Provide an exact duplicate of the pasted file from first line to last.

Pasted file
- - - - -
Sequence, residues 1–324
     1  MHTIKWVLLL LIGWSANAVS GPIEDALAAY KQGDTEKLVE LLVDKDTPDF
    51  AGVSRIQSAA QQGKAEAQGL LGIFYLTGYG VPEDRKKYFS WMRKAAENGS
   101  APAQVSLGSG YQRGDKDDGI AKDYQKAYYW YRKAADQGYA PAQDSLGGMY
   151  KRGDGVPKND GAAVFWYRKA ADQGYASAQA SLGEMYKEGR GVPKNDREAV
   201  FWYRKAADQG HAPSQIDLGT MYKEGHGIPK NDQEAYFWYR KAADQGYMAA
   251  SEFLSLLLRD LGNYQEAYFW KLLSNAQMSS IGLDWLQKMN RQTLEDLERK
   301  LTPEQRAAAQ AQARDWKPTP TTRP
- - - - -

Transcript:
Sequence, residues 1–324
     1  MHTIKWVLLL LIGWSANAVS GPIEDALAAY KQGDTEKLVE LLVDKDTPDF
    51  AGVSRIQSAA QQGKAEAQGL LGIFYLTGYG VPEDRKKYFS WMRKAAENGS
   101  APAQVSLGSG YQRGDKDDGI AKDYQKAYYW YRKAADQGYA PAQDSLGGMY
   151  KRGDGVPKND GAAVFWYRKA ADQGYASAQA SLGEMYKEGR GVPKNDREAV
   201  FWYRKAADQG HAPSQIDLGT MYKEGHGIPK NDQEAYFWYR KAADQGYMAA
   251  SEFLSLLLRD LGNYQEAYFW KLLSNAQMSS IGLDWLQKMN RQTLEDLERK
   301  LTPEQRAAAQ AQARDWKPTP TTRP